Growing a Japanese maple in your Oregon yard may seem unattainable. With many areas getting below freezing temperatures, people may not realize that there are many Japanese maple varieties that can actually thrive in the colder climates of Oregon.
Japanese maple trees are indigenous to Japan, Eastern Mongolia, southeastern Russia, and Korea. While Japanese maples are found in many places, Japan started to cultivate them in the 1700s. These trees are loved for their twisting branches, uniquely shaped leaves, and the multitude of beautiful colors available throughout the different species. Japanese maples have always been admired for their appearance, but only as recently as the late 20th century have they become popular and available for commercial and residential landscaping.
The hardiness of a plant is the lowest temperature that species of plant has been known to survive at. Many different aspects of the climate are taken into consideration when determining the hardiness zone. Microclimates where cold or warm pockets or where extreme wind occurs can greatly affect cold hardiness. Younger trees and plants are more susceptible to the cold than they are after they mature.
Anytime you add a tree or plant to enhance the landscape of your home, it’s important to choose plants that thrive in the hardiness zone where you live. Hardiness zones—which can also be referred to as planting or gardening zones—are geographical areas that have been sectioned by climate to determine which plants can grow in each area.
There are many maps online for you to find out the hardiness zone you live in, and any tree you purchase should include information about what zones will be best for that tree. Most Japanese maples are Hardiness Zones 5–9. While Oregon has many different hardiness zones within the state, Japanese maples can thrive in most places.
1. Oregon Japanese Sunset Maple
This beautiful maple is a newer variety that can be planted in your yard or planted in a pot. This Japanese maple is a smaller species, only reaching four feet tall and just a little more than four feet wide after a decade of growth.
This Japanese maple boasts light red leaves that turn a beautiful plumb color, and it changes again during the fall to a striking red. The name definitely describes what to expect when you add this tree to your landscape.
This maple only needs minimal care and can be grown in a pot for many years. The sunset Japanese maple likes to be in the sun when it’s in cooler areas and needs shade during the hotter months. The hardiness zone for this variety of maple is Zone 5.
2. Golden Full Moon Japanese Maple
This Japanese maple is larger than the Oregon sunset Japanese maple, reaching a height and approximate width of 15 feet. The broad leaves start green, change to a golden yellow, and then to orange and red during the fall.
This variety grows well in full sun or partial shade and thrives in moist, well-drained soil. Hardiness zones for this maple are Zones 5–7.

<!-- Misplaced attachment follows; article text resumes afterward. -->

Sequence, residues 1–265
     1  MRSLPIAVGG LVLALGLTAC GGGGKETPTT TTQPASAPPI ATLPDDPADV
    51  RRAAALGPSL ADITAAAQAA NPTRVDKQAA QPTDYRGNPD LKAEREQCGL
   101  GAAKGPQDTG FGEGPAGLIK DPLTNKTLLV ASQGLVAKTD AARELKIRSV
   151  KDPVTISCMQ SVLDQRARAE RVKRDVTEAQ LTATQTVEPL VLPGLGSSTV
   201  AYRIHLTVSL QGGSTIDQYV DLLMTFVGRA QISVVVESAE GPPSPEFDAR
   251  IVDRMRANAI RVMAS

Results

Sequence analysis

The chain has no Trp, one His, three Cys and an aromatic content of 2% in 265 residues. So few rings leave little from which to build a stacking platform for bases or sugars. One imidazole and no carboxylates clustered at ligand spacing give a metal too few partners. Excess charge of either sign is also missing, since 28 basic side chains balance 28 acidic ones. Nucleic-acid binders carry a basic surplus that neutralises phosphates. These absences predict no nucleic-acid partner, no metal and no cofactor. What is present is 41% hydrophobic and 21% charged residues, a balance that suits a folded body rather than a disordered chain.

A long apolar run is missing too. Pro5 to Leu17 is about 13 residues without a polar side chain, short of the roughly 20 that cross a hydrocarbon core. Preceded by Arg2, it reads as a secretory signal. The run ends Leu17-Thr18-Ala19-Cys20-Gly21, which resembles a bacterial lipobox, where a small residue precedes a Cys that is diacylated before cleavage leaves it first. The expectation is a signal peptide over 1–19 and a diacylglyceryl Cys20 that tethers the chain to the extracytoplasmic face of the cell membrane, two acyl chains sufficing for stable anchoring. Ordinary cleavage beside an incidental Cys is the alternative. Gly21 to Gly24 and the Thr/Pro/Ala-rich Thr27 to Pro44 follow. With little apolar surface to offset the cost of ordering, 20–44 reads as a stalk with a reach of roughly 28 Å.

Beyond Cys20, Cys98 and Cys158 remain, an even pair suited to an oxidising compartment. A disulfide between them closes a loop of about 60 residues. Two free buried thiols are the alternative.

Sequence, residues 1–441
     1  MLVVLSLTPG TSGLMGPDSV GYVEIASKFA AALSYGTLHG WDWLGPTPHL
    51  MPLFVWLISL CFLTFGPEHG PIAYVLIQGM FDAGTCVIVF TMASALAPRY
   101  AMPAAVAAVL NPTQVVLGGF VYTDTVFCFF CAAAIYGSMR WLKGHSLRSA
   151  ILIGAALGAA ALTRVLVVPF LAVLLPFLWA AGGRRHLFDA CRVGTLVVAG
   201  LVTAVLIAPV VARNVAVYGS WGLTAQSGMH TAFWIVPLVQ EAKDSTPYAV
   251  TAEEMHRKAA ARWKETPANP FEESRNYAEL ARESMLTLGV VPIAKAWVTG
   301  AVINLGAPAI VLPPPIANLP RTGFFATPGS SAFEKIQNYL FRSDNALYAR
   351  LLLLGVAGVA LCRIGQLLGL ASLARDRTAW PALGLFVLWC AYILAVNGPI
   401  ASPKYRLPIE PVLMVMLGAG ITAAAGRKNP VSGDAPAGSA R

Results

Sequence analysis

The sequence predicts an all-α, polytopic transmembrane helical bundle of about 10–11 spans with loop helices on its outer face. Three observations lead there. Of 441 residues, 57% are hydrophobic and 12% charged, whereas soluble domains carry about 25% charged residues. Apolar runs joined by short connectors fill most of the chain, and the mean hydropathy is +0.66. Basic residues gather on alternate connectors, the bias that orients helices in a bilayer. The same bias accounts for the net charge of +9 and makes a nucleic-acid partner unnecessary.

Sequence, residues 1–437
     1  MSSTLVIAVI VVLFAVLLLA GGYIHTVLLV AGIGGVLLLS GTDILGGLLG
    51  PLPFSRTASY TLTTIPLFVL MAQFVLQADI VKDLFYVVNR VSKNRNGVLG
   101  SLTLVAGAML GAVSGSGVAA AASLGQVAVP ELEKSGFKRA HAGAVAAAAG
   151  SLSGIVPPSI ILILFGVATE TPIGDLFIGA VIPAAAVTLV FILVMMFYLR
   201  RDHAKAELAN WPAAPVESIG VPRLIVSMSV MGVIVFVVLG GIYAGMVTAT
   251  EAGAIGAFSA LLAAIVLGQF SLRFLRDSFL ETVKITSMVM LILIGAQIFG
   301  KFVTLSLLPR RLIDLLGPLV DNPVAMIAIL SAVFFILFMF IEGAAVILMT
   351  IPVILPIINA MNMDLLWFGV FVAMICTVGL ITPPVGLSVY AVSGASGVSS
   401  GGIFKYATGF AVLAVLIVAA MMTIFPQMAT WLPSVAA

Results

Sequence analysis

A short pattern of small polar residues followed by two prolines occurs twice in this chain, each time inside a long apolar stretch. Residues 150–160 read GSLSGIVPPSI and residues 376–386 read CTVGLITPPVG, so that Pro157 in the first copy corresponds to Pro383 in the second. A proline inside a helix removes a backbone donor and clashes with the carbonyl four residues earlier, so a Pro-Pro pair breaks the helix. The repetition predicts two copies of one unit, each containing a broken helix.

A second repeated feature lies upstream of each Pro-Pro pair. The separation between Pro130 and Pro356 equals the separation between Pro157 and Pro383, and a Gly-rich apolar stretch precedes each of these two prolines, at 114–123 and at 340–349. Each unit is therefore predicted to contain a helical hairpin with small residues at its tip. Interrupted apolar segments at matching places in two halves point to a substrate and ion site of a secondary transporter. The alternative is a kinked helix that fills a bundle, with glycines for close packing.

3. Bloodgood Japanese Maple
This amazing Japanese maple can tolerate the cold better than any other variety. Even in eastern Canada, the hardy Bloodgood maple can thrive, as it’s hardy to -30 degrees Fahrenheit. This beautiful maple has red leaves that turn burgundy and then crimson shades in autumn.
This tree does not get large, is easy to grow, and does well in the shade. This variety is for Hardiness Zones 4–8
4. Mikawa Yatsubusa Japanese Maple
This miniature variety of Japanese maple grows to just three or four feet tall in a decade, which makes it the perfect addition to your garden or a tree to be planted in a large pot. Even as a young tree, the Mikawa Yatsubusa takes the shape of a more mature tree, which makes it look very elegant. The leaves on this maple start green then turn vibrant shades of yellow and red in the fall.
The Mikawa Yatsubusa Japanese maple does well in partial shade during the heat of the day but should be placed in a spot where it can enjoy the morning sun. This variety does well in Hardiness Zones 5–9.
5. Autumn Moon Japanese Maple
This maple has much fuller and more rounded leaves than most Japanese maples. Its beautiful leaves are green, then turn to pink and orange, making their way to amazing reds and oranges in fall. This variety will bring a beautiful show of colors to your garden throughout the year.
The Autumn Moon Japanese maple will grow to be 15 feet tall in time, and it needs full sun in cooler regions and partial shade in warmer climates. This variety is for Zones 5–9.
6. Coral Bark Japanese Maple
This fast-growing Japanese maple puts on quite the show during each season. During the spring, this beautiful tree spreads its yellow-green leaves edged in red before they change to a vibrant green for the summer. From there, they become golden-yellow in the fall and then surprise you with an amazing coral-pink-colored bark during the winter.
This variety does well in partial shade or morning sun and thrives in Hardiness Zones 5–9.
7. Fireglow Japanese Maple
True to its name, this stunning Japanese maple is among the most colorful red-leaf maples available. The beautiful leaves are a brilliant red in the spring and turn burgundy for the summer months. During the fall, they turn back to brilliant red and can sometimes hold their color into the winter months.
This smaller variety needs full sun in cooler zones or afternoon shade in warmer climates. This Japanese maple does well in Hardiness Zones 5–9.
Any Japanese maple variety that is equipped to thrive in the hardiness zones in Oregon will be a beautiful and rewarding addition to your landscape. Our experienced team at Mr. Tree can help with any questions and meet any of your tree care needs. We love what we do and look forward to answering any questions you have.